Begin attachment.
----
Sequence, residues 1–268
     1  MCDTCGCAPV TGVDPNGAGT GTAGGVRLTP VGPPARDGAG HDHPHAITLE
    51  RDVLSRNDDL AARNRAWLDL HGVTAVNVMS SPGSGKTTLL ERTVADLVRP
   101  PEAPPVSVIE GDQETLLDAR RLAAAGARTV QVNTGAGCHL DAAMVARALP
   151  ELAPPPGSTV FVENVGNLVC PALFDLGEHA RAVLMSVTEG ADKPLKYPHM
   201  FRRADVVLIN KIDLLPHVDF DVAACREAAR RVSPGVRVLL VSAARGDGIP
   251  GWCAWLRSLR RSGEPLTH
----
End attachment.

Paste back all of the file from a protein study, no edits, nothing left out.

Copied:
Sequence, residues 1–268
     1  MCDTCGCAPV TGVDPNGAGT GTAGGVRLTP VGPPARDGAG HDHPHAITLE
    51  RDVLSRNDDL AARNRAWLDL HGVTAVNVMS SPGSGKTTLL ERTVADLVRP
   101  PEAPPVSVIE GDQETLLDAR RLAAAGARTV QVNTGAGCHL DAAMVARALP
   151  ELAPPPGSTV FVENVGNLVC PALFDLGEHA RAVLMSVTEG ADKPLKYPHM
   201  FRRADVVLIN KIDLLPHVDF DVAACREAAR RVSPGVRVLL VSAARGDGIP
   251  GWCAWLRSLR RSGEPLTH